Men’s Sunglasses led to Men’s Scarves which led to Men’s Pajamas and then – then! – Men’s Underwear. I quickly found the brand I usually use, Jockey Classic Briefs. They were three for five dollars which didn’t seem too inflationary. I read the label on the plastic bag they came in, just to make sure they hadn’t changed any of their famous ‘Comfort Features’ – ‘Exclusive Tailoring for Proper Fit to Support a Man’s Needs; Contoured Designed Arch Gives Added Comfort No Gaps; Support Waistband is Smoother Fitted Heat Resistant; Stronger Longer Lasting ‘V No Chafe Leg Openings; Soft Rubber at Either Thigh Only; Highly Absorbent 100 Per Cent Highly Combed Cotton.’ So far so good, I thought. I checked the ‘Washing Instructions’ – ‘Machine Wash Tumble Dry’. Everything was fine, the same as always. I hate it when you find a product you like that fits a particular need of yours, and then they change it. ‘Improve’ it. I hate ‘new, improved’ anything. I think they should just make a completely new product instead and leave the old one alone. That way there would be two products to choose from, instead of half an old one. At least the Jockey Classic Briefs were still Classic, but before I committed myself to buying them I decided to ask the saleslady to show me what else was available on the underwear market. This saleslady was pleasantly plump in her neat navy-blue shirtwaist dress with a red-and-white scarf tied around her double chin. She had a nice smile and eyeglasses with rhinestones sprayed around the frames. She looked like the type you could feel comfortable talking about underwear with.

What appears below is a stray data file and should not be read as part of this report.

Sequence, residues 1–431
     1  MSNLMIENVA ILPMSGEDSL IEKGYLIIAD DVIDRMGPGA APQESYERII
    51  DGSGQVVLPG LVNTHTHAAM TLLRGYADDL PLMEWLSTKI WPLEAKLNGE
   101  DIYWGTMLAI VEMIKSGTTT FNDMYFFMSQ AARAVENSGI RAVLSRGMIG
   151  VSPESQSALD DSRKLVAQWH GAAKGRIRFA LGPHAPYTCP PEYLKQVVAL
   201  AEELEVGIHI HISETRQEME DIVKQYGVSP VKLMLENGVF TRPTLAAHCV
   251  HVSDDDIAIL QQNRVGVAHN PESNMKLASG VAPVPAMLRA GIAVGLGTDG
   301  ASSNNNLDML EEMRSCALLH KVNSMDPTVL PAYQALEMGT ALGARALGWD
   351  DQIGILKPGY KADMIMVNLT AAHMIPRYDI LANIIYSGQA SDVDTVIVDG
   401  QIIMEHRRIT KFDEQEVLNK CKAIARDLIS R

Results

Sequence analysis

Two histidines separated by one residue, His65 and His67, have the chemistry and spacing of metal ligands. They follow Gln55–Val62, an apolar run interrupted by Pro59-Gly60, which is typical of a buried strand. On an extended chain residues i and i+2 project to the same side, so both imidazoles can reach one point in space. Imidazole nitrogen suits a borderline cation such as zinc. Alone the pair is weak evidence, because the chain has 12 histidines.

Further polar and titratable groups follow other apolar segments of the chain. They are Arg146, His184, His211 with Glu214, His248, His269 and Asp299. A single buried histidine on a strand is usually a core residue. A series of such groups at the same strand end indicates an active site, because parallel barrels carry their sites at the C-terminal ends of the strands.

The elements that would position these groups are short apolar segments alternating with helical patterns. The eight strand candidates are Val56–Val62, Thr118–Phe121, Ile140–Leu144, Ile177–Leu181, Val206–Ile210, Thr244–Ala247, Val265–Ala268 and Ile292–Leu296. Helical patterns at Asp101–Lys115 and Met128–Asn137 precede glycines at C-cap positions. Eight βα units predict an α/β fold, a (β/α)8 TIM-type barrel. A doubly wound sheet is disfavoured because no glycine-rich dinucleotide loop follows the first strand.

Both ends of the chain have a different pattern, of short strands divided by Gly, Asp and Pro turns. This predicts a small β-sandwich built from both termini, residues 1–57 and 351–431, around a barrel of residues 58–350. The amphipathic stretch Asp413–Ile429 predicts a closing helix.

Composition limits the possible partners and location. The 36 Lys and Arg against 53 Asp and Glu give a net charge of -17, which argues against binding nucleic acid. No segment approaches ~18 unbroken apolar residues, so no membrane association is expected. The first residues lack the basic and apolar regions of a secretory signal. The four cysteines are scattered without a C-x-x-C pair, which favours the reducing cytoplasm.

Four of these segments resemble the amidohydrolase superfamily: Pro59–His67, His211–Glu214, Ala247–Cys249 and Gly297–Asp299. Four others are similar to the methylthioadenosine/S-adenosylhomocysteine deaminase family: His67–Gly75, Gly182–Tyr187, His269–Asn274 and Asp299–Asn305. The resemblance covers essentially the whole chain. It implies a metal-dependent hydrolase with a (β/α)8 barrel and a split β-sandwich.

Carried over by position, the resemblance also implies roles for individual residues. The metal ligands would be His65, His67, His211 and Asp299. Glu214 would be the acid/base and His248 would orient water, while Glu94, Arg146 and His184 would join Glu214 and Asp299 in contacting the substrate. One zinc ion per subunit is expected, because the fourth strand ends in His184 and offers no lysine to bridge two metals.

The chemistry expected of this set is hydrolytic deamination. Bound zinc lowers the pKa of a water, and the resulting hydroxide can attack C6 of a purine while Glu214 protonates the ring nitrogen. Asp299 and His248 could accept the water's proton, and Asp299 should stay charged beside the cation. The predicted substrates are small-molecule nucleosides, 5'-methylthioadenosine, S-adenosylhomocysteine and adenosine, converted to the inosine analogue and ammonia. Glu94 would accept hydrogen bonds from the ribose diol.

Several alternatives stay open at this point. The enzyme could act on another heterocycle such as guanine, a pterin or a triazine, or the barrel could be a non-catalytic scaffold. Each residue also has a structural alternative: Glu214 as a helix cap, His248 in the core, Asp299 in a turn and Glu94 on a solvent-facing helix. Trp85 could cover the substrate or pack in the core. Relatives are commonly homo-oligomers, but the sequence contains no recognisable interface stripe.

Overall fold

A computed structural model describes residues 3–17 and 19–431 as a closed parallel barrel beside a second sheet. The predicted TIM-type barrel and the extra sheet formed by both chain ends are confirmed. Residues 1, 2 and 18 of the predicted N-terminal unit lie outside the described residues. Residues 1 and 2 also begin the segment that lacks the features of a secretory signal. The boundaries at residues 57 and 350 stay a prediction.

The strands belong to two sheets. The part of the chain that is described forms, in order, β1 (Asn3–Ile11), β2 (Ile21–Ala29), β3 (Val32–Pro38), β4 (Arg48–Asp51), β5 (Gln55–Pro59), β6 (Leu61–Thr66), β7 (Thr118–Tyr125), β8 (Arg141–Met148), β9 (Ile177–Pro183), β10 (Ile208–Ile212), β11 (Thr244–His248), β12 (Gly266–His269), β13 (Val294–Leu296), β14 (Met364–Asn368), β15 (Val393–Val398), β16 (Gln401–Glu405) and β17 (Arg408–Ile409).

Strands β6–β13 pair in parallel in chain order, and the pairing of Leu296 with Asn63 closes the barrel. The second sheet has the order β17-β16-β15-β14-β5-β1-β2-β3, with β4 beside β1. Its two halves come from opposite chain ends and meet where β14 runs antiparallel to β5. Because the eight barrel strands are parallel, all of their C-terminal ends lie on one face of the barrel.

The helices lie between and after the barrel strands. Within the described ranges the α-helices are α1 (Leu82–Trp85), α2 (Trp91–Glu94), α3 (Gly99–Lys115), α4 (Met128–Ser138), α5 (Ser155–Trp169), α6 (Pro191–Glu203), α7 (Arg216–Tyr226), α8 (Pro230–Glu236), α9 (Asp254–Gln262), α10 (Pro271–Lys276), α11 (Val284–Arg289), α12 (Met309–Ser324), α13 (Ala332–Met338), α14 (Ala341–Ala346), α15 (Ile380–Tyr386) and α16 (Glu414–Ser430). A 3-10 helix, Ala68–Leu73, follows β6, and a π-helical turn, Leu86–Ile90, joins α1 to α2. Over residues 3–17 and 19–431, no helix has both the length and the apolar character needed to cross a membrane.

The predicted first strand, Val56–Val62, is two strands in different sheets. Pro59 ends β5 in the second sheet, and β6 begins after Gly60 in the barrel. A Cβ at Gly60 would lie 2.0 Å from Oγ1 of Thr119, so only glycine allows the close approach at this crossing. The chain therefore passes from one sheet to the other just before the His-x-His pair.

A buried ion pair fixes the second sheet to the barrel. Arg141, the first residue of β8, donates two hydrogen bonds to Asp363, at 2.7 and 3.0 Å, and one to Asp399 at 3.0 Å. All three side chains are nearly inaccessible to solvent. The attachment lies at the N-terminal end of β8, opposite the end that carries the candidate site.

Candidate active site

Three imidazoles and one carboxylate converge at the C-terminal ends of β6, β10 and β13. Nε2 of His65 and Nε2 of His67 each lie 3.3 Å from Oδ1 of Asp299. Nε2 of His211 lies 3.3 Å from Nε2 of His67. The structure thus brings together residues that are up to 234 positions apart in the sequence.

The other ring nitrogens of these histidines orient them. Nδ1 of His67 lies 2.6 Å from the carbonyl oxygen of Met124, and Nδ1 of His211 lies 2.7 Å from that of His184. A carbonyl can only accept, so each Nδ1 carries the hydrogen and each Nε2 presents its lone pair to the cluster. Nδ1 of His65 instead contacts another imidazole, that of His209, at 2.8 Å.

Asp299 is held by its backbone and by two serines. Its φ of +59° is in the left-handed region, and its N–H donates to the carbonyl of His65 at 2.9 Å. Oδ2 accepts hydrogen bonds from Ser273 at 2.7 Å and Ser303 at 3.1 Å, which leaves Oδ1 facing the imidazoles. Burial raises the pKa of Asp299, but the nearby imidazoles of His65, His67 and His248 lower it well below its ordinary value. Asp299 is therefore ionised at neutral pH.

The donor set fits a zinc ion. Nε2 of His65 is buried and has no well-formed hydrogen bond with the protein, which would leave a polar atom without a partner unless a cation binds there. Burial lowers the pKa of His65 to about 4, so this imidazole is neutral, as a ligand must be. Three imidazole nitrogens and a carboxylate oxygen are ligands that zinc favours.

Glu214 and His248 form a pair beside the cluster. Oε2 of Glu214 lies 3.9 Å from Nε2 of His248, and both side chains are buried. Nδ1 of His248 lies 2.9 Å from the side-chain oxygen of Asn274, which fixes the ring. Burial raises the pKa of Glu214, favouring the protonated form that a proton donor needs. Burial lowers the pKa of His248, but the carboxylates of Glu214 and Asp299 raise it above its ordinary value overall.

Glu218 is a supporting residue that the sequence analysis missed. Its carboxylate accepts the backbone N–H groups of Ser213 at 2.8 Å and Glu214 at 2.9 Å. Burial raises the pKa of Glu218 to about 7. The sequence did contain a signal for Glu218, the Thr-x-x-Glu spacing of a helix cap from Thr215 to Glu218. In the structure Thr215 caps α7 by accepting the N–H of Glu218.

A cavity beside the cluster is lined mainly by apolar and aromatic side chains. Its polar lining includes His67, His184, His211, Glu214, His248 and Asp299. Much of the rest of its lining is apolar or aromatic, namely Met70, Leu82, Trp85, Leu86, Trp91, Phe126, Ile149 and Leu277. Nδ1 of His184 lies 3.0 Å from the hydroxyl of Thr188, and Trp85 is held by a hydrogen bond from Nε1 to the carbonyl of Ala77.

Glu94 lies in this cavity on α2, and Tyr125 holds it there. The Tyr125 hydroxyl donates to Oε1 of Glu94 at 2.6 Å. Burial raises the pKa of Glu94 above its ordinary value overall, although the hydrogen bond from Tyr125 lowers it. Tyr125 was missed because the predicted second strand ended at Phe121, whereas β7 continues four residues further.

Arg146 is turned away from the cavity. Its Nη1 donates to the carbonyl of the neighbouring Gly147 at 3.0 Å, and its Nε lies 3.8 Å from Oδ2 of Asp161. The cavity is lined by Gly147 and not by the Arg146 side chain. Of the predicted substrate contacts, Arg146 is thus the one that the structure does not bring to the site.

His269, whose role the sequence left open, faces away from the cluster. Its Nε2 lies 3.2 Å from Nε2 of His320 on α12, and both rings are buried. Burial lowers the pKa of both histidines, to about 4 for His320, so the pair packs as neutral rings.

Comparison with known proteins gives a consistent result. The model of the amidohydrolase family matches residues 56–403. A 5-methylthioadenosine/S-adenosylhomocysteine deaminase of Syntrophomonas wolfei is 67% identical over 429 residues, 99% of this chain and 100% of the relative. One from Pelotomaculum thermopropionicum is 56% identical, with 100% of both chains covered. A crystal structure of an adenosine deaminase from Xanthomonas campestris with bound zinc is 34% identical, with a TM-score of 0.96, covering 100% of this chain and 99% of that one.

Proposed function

“Do you have BVDs?” I asked.
She pushed her eyeglasses further up her nose, right up to the ridge, and she said, “No, we don’t carry BVDs.”
“Does Macy’s make its own brand, like Saks?” B piped up. Who was he trying to impress? The saleslady?
“Certainly. We have Macy’s Supremacy right here.” She lifted a package to show me. “They’re two for five dollars.”
“Two for five dollars! These are three for five dollars,” I exclaimed. I had some Jockeys in my hand.
“Well, Supremacy is the better line. They fit better. We also have Macy’s Kenton. They’re three for four-fifty.”
She handed me a package of Kentons. “This is all cotton too,” I said.
“There are different grades of cotton, you know,” she said.
I was confused. I looked at the Supremacy package more closely. “What’s this? ‘Swiss Rib Side Panels?’ Does that make it better?”
“That,” said the saleslady, “and the quality of the cotton.”
“But what are ‘Swiss Rib Side Panels’?”